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Commentary: RealNames' real problem

VeriSign's keyword partnership with RealNames fails to address a fundamental problem: The current Web domain naming conventions are good enough for most people.

By Whit Andrews, Gartner Analyst

VeriSign's keyword partnership with RealNames fails to address RealNames' fundamental market problem: The current Internet domain naming conventions are good enough for most people.

RealNames has been trying for years to introduce new,

See news story:
VeriSign, RealNames push keyword browsing
easier naming conventions as an alternative to the confusing and unwieldy Domain Naming System (DNS). Despite a sustained campaign, the company's offerings have failed to reach critical mass--and the VeriSign deal is unlikely to change that situation significantly.

The RealNames problem is simple: DNS, despite its well-known weaknesses, is a technically workable--and reasonably comprehensible--method of naming Internet resources. The DNS method tends to falter when faced with the complexity and variety of consumers' interests--and with the fact that human language allows for terms that aren't specific enough to provide useful returns. Nonetheless, it remains entirely adequate for most Internet users' purposes--especially when combined with the many search engines and indexes that are available.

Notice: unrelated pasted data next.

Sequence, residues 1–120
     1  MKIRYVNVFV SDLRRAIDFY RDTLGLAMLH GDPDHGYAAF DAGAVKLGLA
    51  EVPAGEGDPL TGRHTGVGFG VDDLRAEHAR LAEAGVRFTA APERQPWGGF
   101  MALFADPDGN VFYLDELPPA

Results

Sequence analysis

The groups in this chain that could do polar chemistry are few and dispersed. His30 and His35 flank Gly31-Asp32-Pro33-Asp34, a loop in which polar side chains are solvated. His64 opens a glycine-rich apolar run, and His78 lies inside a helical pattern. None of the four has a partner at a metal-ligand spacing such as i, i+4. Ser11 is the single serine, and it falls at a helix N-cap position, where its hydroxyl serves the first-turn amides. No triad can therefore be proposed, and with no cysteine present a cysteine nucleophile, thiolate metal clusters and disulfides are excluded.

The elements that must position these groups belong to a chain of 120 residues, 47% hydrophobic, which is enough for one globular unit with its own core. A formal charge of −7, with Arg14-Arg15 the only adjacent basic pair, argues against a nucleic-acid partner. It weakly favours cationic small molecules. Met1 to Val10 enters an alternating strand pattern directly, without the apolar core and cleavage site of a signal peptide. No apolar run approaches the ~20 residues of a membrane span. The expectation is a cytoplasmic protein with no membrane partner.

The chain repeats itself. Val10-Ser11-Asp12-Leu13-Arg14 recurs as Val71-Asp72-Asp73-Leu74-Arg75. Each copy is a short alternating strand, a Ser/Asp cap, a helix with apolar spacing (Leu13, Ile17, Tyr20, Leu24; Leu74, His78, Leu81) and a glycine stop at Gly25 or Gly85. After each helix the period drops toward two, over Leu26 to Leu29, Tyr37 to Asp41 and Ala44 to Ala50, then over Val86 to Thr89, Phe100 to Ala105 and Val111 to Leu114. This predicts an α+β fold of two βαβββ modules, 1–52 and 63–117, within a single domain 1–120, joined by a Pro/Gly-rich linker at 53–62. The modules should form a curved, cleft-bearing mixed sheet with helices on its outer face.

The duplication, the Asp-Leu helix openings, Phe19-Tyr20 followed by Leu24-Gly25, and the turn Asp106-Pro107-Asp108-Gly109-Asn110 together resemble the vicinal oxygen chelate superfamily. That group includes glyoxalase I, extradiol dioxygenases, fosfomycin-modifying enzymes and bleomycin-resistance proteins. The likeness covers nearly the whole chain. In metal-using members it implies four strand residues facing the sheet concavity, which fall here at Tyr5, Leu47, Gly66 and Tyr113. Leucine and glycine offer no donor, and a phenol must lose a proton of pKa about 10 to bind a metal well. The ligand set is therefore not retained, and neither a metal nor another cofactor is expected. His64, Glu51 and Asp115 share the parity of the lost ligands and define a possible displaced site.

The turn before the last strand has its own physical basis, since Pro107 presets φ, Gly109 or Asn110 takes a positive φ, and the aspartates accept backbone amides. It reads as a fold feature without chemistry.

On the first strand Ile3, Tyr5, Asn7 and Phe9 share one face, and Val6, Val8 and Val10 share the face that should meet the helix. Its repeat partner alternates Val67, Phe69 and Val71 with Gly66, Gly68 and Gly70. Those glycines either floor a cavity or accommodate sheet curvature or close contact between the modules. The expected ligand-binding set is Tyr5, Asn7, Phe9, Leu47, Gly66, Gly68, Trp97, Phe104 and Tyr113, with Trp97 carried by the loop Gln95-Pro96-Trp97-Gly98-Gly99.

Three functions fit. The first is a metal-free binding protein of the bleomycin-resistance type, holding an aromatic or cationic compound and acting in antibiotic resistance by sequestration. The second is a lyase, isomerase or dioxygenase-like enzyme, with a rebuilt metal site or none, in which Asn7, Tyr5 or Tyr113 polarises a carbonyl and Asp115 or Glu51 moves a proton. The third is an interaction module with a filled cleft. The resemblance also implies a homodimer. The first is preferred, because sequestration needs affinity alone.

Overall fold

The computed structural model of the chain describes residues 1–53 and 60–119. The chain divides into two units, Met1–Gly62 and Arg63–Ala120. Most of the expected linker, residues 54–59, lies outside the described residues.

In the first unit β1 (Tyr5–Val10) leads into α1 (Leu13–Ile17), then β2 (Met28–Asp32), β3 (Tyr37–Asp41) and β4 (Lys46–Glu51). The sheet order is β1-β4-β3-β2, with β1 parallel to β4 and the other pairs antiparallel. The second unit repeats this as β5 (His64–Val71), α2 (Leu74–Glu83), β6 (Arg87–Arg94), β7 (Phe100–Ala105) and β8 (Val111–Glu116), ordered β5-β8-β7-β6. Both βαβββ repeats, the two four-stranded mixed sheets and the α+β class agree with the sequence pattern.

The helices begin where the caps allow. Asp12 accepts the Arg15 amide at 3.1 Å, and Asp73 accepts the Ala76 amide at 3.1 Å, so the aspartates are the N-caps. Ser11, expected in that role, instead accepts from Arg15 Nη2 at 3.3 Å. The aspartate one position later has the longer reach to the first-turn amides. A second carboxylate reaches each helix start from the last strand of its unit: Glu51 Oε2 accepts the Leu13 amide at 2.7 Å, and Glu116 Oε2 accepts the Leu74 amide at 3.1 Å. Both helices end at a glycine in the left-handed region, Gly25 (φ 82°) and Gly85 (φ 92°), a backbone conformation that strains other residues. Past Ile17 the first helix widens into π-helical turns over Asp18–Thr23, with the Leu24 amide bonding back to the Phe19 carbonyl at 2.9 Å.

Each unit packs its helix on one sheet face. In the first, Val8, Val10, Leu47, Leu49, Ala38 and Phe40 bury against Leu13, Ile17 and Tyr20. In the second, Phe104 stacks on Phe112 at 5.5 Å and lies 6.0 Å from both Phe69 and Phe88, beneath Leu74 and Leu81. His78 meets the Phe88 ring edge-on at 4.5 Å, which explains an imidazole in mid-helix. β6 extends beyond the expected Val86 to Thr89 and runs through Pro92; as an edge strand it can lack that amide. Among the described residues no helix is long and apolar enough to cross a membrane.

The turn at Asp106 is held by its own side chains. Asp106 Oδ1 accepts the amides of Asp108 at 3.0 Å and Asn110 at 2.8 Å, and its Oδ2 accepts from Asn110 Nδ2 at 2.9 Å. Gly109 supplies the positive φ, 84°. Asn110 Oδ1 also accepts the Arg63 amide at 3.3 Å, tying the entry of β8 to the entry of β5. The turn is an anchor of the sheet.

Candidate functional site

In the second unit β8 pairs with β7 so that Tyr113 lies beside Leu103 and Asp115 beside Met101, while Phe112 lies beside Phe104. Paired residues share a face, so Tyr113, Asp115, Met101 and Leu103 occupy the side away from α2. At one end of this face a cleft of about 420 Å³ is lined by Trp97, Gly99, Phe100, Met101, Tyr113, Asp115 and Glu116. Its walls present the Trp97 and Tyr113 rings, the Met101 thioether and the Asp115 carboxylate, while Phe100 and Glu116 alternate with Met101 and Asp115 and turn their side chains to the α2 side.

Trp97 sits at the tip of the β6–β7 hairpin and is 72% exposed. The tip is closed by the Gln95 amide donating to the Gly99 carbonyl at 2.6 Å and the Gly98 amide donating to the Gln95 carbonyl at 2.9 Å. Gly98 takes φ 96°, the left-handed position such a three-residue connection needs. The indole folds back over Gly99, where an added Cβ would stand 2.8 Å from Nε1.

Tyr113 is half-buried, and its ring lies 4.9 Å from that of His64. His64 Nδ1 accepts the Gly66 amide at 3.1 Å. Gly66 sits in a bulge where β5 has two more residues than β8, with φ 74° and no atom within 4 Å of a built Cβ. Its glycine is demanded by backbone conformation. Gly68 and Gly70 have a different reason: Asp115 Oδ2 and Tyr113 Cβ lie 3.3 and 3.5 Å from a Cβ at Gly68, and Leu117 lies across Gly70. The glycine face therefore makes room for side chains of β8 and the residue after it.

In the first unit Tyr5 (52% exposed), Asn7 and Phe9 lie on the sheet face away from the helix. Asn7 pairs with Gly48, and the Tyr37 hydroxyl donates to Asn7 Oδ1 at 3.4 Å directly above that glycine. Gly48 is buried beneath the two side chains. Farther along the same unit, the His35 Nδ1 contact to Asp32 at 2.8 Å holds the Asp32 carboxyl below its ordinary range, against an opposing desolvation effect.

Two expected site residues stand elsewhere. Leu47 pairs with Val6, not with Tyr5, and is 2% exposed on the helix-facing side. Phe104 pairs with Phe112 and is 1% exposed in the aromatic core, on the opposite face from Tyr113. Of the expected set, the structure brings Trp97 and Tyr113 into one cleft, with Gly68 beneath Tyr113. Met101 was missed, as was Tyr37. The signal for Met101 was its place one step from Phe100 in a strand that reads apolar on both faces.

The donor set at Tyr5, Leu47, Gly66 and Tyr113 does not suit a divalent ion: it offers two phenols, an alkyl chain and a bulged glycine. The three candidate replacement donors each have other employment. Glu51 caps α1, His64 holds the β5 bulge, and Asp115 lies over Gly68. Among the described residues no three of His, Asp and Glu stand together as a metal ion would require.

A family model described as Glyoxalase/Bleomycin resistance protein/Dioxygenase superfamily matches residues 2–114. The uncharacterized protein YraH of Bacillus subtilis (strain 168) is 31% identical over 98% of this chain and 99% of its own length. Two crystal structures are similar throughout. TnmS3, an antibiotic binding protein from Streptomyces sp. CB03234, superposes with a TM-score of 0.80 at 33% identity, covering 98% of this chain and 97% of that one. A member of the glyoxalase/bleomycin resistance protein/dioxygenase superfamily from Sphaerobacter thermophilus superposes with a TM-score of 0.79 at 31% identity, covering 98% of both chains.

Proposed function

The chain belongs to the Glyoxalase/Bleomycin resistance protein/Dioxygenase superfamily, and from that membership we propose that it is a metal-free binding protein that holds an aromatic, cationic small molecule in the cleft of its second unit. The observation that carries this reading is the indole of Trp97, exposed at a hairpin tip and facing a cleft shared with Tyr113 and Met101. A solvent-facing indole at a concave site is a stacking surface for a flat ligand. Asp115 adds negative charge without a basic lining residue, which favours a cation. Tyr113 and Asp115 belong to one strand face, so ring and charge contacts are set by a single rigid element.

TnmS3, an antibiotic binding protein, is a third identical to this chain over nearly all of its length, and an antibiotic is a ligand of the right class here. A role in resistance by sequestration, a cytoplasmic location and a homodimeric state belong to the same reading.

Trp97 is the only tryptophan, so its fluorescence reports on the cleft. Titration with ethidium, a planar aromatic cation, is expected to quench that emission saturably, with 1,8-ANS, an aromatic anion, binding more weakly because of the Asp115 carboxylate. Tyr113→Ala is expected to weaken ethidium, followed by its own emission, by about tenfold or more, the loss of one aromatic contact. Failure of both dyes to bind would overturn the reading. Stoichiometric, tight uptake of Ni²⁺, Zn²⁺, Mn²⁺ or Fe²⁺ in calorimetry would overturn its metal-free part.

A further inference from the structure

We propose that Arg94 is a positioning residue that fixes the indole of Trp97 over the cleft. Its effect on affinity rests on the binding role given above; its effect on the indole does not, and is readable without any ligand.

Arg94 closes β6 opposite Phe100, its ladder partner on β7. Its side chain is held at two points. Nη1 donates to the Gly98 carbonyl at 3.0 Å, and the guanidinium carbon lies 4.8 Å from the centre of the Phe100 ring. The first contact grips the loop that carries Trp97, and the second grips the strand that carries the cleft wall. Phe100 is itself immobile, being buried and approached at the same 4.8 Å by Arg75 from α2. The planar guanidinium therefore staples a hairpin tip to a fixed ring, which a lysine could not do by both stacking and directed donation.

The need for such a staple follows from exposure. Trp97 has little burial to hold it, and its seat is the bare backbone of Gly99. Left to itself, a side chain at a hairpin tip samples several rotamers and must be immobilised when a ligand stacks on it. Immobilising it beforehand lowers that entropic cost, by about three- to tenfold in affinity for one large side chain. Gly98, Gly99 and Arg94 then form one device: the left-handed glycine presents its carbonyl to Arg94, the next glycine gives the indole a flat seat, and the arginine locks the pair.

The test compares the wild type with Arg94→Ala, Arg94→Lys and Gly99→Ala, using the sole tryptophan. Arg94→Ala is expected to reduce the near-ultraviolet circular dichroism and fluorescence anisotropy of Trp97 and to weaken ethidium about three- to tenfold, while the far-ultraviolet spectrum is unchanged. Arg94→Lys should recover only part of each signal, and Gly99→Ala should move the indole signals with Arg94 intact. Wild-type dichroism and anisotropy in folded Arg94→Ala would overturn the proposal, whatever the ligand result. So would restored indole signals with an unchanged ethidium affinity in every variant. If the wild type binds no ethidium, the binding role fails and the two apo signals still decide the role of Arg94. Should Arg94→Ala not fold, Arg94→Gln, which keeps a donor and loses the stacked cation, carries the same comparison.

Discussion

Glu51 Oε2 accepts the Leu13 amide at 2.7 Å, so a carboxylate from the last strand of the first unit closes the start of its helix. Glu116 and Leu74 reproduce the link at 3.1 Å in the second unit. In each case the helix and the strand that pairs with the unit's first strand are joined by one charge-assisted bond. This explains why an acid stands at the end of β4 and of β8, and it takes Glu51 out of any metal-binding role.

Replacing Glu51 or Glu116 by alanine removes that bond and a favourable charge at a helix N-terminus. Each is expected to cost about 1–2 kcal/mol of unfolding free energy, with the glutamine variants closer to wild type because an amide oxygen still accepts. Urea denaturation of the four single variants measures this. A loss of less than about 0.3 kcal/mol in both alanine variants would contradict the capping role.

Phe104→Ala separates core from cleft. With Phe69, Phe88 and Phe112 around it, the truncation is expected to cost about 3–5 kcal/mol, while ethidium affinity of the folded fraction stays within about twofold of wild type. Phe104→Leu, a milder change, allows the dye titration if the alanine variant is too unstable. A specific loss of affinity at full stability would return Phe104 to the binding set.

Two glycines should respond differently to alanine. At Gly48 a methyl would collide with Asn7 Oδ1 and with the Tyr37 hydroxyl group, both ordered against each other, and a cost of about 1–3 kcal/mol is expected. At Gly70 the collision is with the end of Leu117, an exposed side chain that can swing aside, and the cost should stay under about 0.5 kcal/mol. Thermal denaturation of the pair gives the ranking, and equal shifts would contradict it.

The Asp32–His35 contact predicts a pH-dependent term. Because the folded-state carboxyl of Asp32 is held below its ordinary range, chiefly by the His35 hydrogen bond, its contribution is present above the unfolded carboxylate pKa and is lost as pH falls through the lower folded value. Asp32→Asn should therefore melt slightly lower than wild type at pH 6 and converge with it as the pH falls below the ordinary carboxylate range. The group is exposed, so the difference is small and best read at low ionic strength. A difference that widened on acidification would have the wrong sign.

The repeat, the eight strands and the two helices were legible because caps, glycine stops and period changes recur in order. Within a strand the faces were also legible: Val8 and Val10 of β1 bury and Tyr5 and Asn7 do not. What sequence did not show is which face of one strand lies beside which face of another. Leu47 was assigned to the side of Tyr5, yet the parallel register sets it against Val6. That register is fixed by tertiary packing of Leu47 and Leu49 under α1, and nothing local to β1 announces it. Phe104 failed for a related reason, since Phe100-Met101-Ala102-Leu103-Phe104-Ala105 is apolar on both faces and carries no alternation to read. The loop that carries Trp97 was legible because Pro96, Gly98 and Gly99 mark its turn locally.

RealNames' perseverance in the face of daunting technical and marketing challenges has yet to translate into large-scale consumer acceptance. The VeriSign partnership, which is essentially a promotional arrangement, will probably not be the factor that enables RealNames to break through to a broader market.

This arrangement will raise awareness of the RealNames alternative, especially among less technologically sophisticated domain name buyers. Small and midsize businesses buying domain names for the first time--probably the key market segment for this deal--will learn about RealNames from VeriSign, and the resulting revenue boost will certainly be helpful.

However, RealNames' basic problem--and one that VeriSign cannot help with--is that it fails to answer an age-old question: "If there really isn't a problem, why is a solution needed?"

(For related commentary on an alliance between Microsoft and VeriSign, see Gartner.com.)

Entire contents, Copyright © 2001 Gartner, Inc. All rights reserved. The information contained herein represents Gartner's initial commentary and analysis and has been obtained from sources believed to be reliable. Positions taken are subject to change as more information becomes available and further analysis is undertaken. Gartner disclaims all warranties as to the accuracy, completeness or adequacy of the information. Gartner shall have no liability for errors, omissions or inadequacies in the information contained herein or for interpretations thereof.